In 2022, most banks assumed that pandemic behaviour was forever. This accelerated plans to shutter banks and slash ATM networks. As we go into 2023, those pandemic behaviours are being eclipsed by how economies are struggling, and individuals and businesses are all struggling to get by. We are already seeing a return to the use of cash, and we may see a need for local services to local communities and local businesses and local consumers.
So many of those decisions taken in 2022 may need to be revisited. And it’s not just about access to cash, of course, but access to all banking services especially as more people seek advice and help. I think in 2023, we’ll see government and regulators also intervening to slow the pace with which banks are driving people on to their digital channels.
Shared banking hubs
Fitful experimentation about how banks could share branch operations will come to an end in 2023 when we expect to see some serious work on shared banking hubs. But these cannot be ersatz branches that offer little more than a paying-in service or guidance on how to use mobile banking.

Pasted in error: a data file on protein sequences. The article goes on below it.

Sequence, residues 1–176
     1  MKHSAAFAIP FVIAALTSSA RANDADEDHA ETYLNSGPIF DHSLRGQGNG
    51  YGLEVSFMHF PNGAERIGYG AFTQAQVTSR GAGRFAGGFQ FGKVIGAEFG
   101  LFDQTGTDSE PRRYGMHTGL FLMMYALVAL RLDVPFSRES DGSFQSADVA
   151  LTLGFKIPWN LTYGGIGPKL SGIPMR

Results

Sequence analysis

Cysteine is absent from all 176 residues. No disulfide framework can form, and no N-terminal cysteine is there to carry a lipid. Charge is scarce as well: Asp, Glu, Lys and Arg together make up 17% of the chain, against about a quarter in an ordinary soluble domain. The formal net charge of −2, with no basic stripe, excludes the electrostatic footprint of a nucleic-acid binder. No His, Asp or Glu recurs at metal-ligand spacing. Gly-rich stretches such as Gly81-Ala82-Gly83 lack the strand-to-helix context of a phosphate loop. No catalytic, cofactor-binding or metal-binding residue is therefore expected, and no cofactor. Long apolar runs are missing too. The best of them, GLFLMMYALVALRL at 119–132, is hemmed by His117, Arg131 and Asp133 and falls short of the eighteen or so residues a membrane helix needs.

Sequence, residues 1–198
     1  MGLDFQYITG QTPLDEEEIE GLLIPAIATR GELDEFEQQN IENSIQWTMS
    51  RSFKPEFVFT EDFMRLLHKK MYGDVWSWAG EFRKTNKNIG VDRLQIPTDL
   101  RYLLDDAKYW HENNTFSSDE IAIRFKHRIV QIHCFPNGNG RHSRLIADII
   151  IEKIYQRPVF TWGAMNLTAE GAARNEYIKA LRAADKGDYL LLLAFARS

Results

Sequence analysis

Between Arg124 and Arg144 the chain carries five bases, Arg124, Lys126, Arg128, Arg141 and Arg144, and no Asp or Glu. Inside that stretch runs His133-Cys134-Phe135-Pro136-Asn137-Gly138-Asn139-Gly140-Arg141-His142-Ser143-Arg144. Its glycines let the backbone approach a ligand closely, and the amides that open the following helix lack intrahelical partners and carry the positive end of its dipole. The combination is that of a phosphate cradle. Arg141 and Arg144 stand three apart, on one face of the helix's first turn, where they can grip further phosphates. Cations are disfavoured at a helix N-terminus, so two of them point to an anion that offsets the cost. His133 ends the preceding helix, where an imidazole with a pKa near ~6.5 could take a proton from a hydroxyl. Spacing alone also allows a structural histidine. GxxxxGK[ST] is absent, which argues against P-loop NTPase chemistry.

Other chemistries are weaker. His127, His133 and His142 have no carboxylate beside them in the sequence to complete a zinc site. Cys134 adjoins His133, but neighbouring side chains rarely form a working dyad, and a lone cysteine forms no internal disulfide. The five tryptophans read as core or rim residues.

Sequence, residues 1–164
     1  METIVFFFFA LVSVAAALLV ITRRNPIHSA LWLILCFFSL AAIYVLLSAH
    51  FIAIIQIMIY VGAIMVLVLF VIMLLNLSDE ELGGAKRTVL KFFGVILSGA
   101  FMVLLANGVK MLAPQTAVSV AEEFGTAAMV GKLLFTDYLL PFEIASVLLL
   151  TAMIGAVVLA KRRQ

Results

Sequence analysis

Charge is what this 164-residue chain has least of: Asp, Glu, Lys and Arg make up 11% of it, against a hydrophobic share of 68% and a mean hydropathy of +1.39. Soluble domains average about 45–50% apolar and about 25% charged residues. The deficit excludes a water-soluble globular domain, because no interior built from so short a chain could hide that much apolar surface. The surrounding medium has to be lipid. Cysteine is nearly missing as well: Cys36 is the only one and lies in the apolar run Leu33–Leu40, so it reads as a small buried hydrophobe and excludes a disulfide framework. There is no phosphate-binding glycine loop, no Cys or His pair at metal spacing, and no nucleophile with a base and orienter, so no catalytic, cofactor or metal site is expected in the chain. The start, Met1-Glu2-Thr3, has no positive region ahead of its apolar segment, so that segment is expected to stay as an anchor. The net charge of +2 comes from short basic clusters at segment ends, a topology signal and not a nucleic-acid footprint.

White label branches should incorporate digital self-service hubs that provide full access to branded banking services 24/7 using automation and video banking. This new kind of branch will be something that involves not only the legacy banks. Neo-banks are going to take a serious look at the concept as they don’t have the ability to engage physically with their customers, and bring them into a safe space to engage with them.
More effort will need to avoid these new style branches being white elephants. Technology choices will be key. There needs to be a careful use of AI and machine learning to help customers of all generations navigate through new self and assisted service experience more easily and quickly.
This will increase adoption, and therefore the success of the model. Returning to access to cash, cashback without payment at retailers was launched in some markets like the UK. it’s a reasonably good idea but one that may struggle.
ATM pooling is something else that should proliferate in 2023. For banks under political and public pressure on access to cash, this approach squares the circle well. As examples in Belgium and the Netherlands show, it allows banks to save operating costs while actually opening up ATMs in towns and villages which have never had an ATM before.
Mark Aldred, banking industry expert at Auriga,